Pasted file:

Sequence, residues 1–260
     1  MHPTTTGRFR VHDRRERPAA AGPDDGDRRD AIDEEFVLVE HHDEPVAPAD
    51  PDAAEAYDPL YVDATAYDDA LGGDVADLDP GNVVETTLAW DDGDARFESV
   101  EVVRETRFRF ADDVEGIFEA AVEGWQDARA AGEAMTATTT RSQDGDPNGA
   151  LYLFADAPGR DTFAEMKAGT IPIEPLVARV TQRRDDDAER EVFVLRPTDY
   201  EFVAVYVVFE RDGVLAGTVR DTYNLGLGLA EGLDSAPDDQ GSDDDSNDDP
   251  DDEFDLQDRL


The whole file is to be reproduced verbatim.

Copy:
Sequence, residues 1–260
     1  MHPTTTGRFR VHDRRERPAA AGPDDGDRRD AIDEEFVLVE HHDEPVAPAD
    51  PDAAEAYDPL YVDATAYDDA LGGDVADLDP GNVVETTLAW DDGDARFESV
   101  EVVRETRFRF ADDVEGIFEA AVEGWQDARA AGEAMTATTT RSQDGDPNGA
   151  LYLFADAPGR DTFAEMKAGT IPIEPLVARV TQRRDDDAER EVFVLRPTDY
   201  EFVAVYVVFE RDGVLAGTVR DTYNLGLGLA EGLDSAPDDQ GSDDDSNDDP
   251  DDEFDLQDRL